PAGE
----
By Oyetola Muyiwa Atoyebi, SAN FCIArb. (U.K)


For decades, the vast expanse of African waters remained largely unguarded against security threats and environmental risks, hindering development and threatening vital resources. But this tide has turned. Rising piracy and escalating dangers spurred the African Union to forge a unified response –Africa’s Integrated Maritime Strategy (AIMS 2050). Culminating in a landmark legal instrument, the Lomé Charter, this strategy represents a pivotal moment in Africa’s maritime journey.[1]

This document, adopted in 2016, stands as the foremost legal framework for maritime security and development on the continent. It transcends the limitations of previous soft law instruments like the Djibouti and Yaoundé Codes of Conduct, encompassing broader spheres previously untouched.[2] While only 31 member states have formally ratified the Charter, its impact extends further. Signatory states, by virtue of the principle of pacta sunt servanda (treaties must be kept), are bound to its core principles even before formal ratification. This interim obligation, enshrined in the Vienna Convention on the Law of Treaties, necessitates good faith adherence to the Charter’s essence, preventing actions that could undermine its purpose.[3]

The Lomé Charter marked a new dawn for Africa’s maritime domain as it is not just a document; it’s a declaration of intent, a collective affirmation of Africa’s commitment to securing its maritime future. This article will explore its specific provisions, analyze its impact, and assess the challenges that lie ahead on this voyage towards a secure and prosperous maritime Africa.


The African Charter on Maritime Security, Safety and Development presents a comprehensive framework for safeguarding its member states’ maritime domains, encompassing vital provisions across several key categories. At its core, the Charter under the general provisions in chapter one prioritizes adherence to international obligations concerning human rights, humanitarian law, and broader principles like peace, security, stability, and development.[4]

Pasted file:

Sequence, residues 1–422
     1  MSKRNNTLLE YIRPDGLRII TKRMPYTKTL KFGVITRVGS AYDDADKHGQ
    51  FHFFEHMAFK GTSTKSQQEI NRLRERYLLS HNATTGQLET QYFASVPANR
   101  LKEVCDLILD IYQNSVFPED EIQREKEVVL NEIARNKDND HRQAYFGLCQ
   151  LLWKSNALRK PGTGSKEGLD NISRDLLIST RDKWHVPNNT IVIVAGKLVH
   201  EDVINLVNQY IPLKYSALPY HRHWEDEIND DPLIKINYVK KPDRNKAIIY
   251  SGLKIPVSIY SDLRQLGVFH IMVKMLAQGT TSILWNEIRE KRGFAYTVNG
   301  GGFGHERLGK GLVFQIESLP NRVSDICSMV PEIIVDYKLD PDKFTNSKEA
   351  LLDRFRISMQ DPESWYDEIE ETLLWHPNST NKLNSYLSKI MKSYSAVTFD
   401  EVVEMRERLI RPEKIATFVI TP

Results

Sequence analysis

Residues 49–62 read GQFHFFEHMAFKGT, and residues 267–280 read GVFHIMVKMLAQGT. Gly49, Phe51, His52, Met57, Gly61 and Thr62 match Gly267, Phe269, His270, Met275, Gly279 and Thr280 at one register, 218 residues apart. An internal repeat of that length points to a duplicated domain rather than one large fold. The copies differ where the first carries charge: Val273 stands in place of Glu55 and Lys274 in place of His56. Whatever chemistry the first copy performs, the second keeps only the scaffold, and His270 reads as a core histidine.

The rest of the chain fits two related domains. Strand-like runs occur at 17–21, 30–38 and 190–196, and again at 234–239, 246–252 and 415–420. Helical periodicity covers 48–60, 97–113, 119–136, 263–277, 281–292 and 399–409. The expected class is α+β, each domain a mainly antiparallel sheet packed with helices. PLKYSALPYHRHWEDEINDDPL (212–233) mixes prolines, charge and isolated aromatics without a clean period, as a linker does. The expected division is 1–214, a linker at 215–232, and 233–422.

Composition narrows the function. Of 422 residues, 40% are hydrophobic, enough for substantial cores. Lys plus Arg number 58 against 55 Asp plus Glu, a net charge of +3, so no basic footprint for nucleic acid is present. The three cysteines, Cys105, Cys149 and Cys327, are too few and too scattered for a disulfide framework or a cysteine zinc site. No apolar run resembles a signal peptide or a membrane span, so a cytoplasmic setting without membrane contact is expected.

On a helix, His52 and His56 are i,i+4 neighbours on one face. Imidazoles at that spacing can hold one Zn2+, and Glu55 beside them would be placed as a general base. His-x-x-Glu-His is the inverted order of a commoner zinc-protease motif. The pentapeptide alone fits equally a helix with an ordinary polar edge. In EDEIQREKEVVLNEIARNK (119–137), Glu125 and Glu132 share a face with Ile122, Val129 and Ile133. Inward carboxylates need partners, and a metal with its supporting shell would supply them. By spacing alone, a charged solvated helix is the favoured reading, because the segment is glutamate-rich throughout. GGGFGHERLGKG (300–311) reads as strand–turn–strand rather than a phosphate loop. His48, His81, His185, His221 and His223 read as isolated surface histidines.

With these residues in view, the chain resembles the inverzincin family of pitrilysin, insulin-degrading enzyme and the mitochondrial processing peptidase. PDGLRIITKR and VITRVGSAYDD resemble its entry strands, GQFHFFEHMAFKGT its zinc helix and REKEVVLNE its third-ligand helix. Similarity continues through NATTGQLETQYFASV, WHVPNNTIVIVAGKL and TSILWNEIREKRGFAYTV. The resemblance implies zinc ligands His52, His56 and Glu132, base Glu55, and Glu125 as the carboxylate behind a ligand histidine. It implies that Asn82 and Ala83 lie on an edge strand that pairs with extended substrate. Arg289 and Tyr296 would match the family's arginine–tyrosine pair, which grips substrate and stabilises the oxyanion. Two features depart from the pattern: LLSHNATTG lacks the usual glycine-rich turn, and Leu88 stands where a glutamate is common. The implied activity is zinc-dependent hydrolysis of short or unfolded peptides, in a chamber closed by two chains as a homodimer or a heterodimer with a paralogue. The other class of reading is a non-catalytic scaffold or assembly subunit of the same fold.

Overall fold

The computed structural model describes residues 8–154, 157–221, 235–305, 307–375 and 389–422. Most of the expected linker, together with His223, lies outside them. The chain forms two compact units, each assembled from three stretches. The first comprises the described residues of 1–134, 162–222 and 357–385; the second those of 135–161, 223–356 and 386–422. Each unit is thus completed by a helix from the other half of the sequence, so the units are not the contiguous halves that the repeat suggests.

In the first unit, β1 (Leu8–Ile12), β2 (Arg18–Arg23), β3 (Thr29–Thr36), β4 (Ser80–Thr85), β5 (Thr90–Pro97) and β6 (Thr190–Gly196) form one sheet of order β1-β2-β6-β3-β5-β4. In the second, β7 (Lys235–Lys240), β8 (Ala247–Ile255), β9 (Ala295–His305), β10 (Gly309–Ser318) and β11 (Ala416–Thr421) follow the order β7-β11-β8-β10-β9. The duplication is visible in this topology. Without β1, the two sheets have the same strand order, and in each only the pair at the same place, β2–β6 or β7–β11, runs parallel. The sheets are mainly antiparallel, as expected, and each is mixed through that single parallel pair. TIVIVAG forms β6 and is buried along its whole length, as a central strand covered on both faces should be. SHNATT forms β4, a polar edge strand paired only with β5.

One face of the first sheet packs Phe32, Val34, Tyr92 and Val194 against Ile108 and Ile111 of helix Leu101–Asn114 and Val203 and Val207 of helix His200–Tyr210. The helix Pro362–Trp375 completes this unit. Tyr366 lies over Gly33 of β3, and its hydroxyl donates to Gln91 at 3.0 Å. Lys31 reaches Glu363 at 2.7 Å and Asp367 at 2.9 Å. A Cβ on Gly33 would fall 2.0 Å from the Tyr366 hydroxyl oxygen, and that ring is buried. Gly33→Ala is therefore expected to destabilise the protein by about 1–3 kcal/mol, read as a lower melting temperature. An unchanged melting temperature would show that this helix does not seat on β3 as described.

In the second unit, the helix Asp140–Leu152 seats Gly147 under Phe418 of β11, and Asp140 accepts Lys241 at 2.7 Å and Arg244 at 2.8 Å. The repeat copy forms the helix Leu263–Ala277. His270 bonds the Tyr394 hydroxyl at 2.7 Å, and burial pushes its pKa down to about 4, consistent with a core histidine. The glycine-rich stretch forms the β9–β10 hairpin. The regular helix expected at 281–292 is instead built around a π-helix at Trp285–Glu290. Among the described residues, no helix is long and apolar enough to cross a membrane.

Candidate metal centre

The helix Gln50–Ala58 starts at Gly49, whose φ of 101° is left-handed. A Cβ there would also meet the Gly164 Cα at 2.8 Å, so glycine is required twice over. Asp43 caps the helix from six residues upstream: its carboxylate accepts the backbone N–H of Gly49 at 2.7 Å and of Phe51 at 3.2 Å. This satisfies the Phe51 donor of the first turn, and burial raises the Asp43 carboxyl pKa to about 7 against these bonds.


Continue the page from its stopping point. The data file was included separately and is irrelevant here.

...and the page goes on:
Born out of a vital need to combat maritime crimes and protect the marine environment, the Charter fosters cooperation on multiple fronts. It compels states to collaborate in tackling transnational crimes like piracy and terrorism. Additionally, it promotes coordinated efforts to implement maritime safety and development policies, enhance awareness among coastal communities, and guarantee landlocked states’ access to maritime resources.[5]

Chapter II of the Charter delves deeper into crime prevention and control measures within the maritime domain. State parties are bound to address the root causes of criminal activity by bolstering employment opportunities, strengthening social cohesion, and improving law enforcement capacities. The Charter emphasizes the establishment of national coordinating structures, robust cooperation between flag states, and the creation of a dedicated Maritime Security and Safety Fund.[6]

Further solidifying its commitment to a secure and prosperous maritime future, the Charter champions good maritime governance. It underscores the importance of information exchange, effective coordination, and the development of sound migration policies to combat human trafficking and illegal migration.[7] Furthermore, it encourages the sustainable development of the Blue/Ocean Economy, urging states to explore their maritime resources responsibly, promote sustainable practices, and formulate policies for fisheries and aquaculture.[8]